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Semin Immunol. 2008 Oct;20(5):276-85. doi: 10.1016/j.smim.2008.07.001. Epub 2008 Aug 5.

Specificity in cancer immunotherapy.

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  • 1Department of Pathology and Committee on Immunology, The University of Chicago, 5841 South Maryland Avenue MC 3008, Chicago, IL 60637, USA.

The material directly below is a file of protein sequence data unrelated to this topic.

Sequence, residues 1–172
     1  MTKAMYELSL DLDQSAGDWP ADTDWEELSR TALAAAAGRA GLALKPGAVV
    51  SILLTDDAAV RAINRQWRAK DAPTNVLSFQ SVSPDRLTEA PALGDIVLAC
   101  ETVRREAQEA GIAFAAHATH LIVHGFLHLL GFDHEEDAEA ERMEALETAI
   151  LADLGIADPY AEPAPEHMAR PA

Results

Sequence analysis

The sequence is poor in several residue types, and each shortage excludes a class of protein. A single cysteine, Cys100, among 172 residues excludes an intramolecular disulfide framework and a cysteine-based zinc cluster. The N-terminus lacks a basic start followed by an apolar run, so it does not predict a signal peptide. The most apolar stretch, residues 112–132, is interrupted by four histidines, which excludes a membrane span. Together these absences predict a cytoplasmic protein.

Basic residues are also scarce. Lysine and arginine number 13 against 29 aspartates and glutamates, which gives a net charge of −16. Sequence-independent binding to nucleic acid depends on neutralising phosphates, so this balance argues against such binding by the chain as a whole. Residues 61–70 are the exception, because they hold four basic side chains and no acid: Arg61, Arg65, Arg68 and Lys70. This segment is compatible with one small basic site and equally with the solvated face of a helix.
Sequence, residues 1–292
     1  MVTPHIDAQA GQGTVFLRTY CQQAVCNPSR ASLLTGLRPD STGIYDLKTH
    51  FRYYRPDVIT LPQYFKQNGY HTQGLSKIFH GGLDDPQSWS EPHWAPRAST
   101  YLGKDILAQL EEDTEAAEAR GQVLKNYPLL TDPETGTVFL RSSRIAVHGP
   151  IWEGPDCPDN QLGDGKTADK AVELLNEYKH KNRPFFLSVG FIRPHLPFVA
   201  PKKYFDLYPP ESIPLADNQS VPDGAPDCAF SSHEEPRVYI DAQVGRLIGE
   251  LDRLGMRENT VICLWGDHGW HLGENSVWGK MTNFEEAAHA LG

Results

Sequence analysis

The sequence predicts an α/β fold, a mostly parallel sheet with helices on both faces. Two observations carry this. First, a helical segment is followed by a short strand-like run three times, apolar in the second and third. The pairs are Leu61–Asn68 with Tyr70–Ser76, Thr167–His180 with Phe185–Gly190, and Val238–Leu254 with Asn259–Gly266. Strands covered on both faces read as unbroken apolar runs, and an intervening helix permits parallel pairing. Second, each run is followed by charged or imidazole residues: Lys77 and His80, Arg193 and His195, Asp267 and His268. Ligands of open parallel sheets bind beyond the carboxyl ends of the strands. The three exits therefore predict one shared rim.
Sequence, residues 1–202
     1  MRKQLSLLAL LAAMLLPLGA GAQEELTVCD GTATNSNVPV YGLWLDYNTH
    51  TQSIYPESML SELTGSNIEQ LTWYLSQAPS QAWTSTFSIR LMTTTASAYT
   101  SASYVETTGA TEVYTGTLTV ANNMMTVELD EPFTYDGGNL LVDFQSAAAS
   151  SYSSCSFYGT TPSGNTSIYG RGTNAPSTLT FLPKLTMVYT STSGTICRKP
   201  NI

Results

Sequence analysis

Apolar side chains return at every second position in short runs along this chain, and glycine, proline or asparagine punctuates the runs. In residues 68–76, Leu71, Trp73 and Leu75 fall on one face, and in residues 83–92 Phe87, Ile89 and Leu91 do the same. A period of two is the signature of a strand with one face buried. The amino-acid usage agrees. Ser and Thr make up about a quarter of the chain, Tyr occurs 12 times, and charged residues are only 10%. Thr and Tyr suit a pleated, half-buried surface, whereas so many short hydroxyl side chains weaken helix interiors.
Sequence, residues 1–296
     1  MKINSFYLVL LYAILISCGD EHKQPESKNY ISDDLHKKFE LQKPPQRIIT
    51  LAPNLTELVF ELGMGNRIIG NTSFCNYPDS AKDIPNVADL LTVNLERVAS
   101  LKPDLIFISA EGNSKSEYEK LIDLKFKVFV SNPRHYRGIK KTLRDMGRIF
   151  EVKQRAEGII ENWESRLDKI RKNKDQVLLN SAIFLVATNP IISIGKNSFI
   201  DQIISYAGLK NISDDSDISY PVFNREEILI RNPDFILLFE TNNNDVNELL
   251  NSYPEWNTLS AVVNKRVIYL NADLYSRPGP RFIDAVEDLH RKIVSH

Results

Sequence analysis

From the earliest days in the field of tumor immunology three questions have been asked: do cancer cells express tumor-specific antigens, does the immune system recognize these antigens and if so, what is their biochemical nature? We now know that truly tumor-specific antigens exist, that they are caused by somatic mutations, and that these antigens can induce both humoral and cell-mediated immune responses. Because tumor-specific antigens are exclusively expressed by the cancer cell and are often crucial for tumorigenicity, they are ideal targets for anti-cancer immunotherapy. Nevertheless, the antigens that are targeted today by anti-tumor immunotherapy are not tumor-specific antigens, but antigens that are normal molecules also expressed by normal tissues (so-called "tumor-associated" antigens). If tumor-specific antigens exist and are ideal targets for immunotherapy, why are they not being targeted? In this review, we summarize current knowledge of tumor-specific antigens: their identification, immunological relevance and clinical use. We discuss novel tumor-specific epitopes and propose new approaches that could improve the success of cancer immunotherapy, especially for the treatment of solid tumors.

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